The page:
An estimated 2.99 million people in Ghana currently live in extreme poverty. This data means they live on as little as $1.90 a day. While Ghana has made incredible progress in reducing these numbers over the years, inequality and uneven distribution of wealth have led to many people still suffering from the effects of poverty and poor infrastructure. These five charities operating in Ghana are tackling these issues through aid and sustainable practices. With the help of these organizations, many Ghanaian people are learning how to help themselves, building a brighter future for the country.
5 Charities Operating in Ghana
- Rural Literacy Solutions – Based in the Northern Region of Ghana, Rural Literacy Solutions is a community-based organization dedicated to improving reading and digital literacy in underfunded regions. Originally made to combat the high illiteracy rates in rural Ghana, the charity operates by providing three key services. They run after-school literacy programs within schools in need, teach digital skills in remote schools to better prepare for the future and give libraries to underprivileged communities. Rural Literacy Solutions aims to empower individuals through education and break down the barriers to further education and employment by promoting reading, writing and digital skills. They are raising money to build 30 small libraries in Northern Ghana to provide books and literacy support to 20,000 children in rural areas, and they aim to help 2 million children by the year 2030.
- Self Help International – Inventor and industrialist Vern Schield created Self Help International in 1959. Raised on a farm during the American Depression, Schield saw first-hand how inadequate farming practices and limited means could hinder hard-working farmers. Due to his world travels, he also recognized how developing countries would benefit from the appropriate farming technology. Self Help International began its work in Ghana in 1989 at the request of Nobel Peace Prize Laureate Dr. Norman Borlaug, and since then, the organization has been working to end hunger through development projects and sustainable practices rather than simply providing aid. The organization aims to help people help themselves. They hire local skilled professionals to assist in educating small-scale rural farmers on practical agriculture enterprises and provide technology such as drip irrigation to farmers. They also offer small loans to female entrepreneurs ranging from $50 to $300 to help expand businesses and provide training programs on how to run a business. The loans have a 98% repayment average, and once repaid, the money is reinvested into training and financing more women in need. Self Help International works to expand projects, such as its Women’s Empowerment Program and Teen Girls Club. The organization has also ensured over 3,600 Nicaragua natives access to safe drinking water, issued 680 loans to women to grow their businesses and helped over 412 rural farmers develop improved farming methods.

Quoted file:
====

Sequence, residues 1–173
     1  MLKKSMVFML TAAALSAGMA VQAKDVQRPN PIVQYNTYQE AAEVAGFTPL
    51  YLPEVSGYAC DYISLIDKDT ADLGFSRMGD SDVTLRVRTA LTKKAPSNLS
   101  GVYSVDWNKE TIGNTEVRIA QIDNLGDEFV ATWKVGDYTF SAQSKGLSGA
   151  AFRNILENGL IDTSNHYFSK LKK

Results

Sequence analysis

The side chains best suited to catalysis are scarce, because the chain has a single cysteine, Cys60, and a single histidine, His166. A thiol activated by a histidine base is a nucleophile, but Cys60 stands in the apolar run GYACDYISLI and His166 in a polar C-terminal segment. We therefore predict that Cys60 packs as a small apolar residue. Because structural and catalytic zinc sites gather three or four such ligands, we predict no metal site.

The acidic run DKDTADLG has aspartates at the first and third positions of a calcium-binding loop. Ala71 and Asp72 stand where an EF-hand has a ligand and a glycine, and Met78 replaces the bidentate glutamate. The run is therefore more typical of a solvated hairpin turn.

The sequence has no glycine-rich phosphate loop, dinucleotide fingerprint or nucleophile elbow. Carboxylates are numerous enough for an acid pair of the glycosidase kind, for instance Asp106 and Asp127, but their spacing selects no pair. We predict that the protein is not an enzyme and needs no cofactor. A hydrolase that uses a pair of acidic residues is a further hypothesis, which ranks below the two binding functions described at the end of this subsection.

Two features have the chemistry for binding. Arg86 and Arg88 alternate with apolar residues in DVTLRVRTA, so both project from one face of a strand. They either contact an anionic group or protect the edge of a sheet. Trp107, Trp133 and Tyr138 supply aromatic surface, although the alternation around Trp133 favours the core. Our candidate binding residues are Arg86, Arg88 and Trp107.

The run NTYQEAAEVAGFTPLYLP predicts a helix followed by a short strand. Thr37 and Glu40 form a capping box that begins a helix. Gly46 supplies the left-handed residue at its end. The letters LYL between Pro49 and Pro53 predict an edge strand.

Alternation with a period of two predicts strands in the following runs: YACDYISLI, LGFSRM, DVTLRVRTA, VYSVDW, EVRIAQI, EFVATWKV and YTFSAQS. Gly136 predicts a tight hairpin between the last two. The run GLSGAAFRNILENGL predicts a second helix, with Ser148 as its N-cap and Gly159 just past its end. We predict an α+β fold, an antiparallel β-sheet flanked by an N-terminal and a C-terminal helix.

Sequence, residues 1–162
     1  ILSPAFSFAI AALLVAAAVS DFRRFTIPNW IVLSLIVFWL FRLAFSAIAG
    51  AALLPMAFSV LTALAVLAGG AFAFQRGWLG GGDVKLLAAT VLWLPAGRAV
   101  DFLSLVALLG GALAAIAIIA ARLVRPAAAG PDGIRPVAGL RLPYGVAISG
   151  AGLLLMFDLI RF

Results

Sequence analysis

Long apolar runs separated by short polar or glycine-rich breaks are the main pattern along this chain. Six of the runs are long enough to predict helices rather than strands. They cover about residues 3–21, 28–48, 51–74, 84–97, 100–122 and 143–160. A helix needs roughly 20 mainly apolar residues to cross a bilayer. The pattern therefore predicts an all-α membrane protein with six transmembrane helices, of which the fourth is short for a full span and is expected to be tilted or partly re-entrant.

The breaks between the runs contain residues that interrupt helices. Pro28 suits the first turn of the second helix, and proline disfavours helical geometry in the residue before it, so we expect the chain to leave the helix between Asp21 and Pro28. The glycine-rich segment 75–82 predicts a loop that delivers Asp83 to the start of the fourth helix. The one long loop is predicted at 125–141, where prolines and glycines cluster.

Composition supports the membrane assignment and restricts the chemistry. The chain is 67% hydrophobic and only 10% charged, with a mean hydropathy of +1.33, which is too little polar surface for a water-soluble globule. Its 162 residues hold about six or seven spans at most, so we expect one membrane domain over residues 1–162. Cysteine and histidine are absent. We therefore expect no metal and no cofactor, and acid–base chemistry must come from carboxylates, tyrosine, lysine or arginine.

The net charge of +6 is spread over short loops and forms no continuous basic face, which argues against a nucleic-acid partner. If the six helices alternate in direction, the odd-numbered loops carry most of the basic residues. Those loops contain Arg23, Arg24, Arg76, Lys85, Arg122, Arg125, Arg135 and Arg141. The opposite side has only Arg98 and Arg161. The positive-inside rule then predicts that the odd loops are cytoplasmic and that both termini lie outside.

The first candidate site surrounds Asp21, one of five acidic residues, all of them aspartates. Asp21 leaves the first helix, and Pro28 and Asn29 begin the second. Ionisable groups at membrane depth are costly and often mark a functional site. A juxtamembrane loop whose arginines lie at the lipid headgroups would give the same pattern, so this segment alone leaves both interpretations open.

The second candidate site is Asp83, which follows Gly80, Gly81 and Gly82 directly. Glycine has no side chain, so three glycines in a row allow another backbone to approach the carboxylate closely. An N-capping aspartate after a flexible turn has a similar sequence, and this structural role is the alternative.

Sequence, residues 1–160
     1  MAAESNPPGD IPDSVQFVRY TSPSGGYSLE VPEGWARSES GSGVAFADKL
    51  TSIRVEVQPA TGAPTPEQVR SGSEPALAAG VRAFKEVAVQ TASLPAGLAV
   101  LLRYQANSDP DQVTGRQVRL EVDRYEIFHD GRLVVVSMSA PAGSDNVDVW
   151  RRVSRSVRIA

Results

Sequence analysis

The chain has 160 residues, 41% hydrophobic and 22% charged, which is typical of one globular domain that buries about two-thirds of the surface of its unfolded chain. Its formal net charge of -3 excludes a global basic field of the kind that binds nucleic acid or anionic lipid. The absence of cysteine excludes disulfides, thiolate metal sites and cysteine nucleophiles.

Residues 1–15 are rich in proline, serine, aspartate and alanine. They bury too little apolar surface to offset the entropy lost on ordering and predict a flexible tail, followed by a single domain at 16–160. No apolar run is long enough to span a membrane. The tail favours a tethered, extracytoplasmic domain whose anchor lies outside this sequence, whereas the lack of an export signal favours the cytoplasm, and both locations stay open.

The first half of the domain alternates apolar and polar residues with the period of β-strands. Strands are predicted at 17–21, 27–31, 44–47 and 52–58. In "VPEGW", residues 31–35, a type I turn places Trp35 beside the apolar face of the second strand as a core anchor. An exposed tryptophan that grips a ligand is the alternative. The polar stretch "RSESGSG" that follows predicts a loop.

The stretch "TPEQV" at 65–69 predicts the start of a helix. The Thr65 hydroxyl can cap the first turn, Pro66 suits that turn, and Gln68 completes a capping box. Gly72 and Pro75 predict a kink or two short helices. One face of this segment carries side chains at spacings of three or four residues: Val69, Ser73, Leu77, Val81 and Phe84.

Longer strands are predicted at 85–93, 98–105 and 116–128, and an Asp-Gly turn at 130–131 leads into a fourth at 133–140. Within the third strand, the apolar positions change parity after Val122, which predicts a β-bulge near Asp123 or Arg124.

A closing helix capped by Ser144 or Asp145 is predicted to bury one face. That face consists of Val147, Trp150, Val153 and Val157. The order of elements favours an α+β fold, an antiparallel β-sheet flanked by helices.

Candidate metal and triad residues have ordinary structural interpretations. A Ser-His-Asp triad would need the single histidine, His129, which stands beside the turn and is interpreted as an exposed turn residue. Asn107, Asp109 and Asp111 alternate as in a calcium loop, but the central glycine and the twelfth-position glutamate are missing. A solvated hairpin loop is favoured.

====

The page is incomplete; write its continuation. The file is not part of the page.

- Onechild Ghana – For the last 20 years, Onechild Ghana has been educating some of the world’s poorest children. Spread across 14 locations in the Ashanti region, Onechild Ghana partners with existing vocational schools. The organization consists entirely of volunteers and works to help these schools become more sustainable through project funding and support. The charity has helped fund many different projects, ranging from installing a water system at Otaakom ICCES to purchasing the necessary equipment to set up a bread-making course at Kokoben ICCES, and the charity has helped 1,000 children so far.
- Project Maji – Project Maji is a water donation NGO that provides sustainable and solar-powered water solutions to small rural communities typically overlooked by the government and more prominent NGOs. Founder Sunil Lalvini established the organization in 2015 after he witnessed two children drinking from a roadside puddle in rural Ghana. Compelled to help, he developed a solar-powered water pump and deployed it in a single village. Today, the charity operates over 100 sustainable, safe water access points in Ghana and has helped over 145,000 people across Ghana, Kenya and Uganda.
- CAMFED – CAMFED is a grassroots movement tackling poverty and inequality through female education and leadership. Focused on vulnerable girls and women in rural Africa, the organization may start in the classroom, but it doesn’t end there. CAMFED supports women in many ways. They work to provide essential materials for female students, such as books, uniforms, safe boarding facilities and even bicycles for girls to get to school more quickly. They also provide teachers with training in child protection and educate young women to be peer mentors for vulnerable young girls. CAMFED also supports young graduates with additional training and resources, allowing them to lead the change needed for the next generation. CAMFED currently works in 38 districts of Ghana, and since its creation in 1998, has supported over 240,000 girls in attending primary and secondary school using donor funds.
In conclusion, charities operating in Ghana play a vital role in addressing the country’s social and economic challenges. Through their various programs and initiatives, these organizations are making significant strides in areas such as education, food security, poverty alleviation and promoting sustainable development. With their commitment to creating positive change and improving the lives of Ghanaians, charities are key partners in the country’s journey towards a brighter and more equitable future.
– Jodie Donovan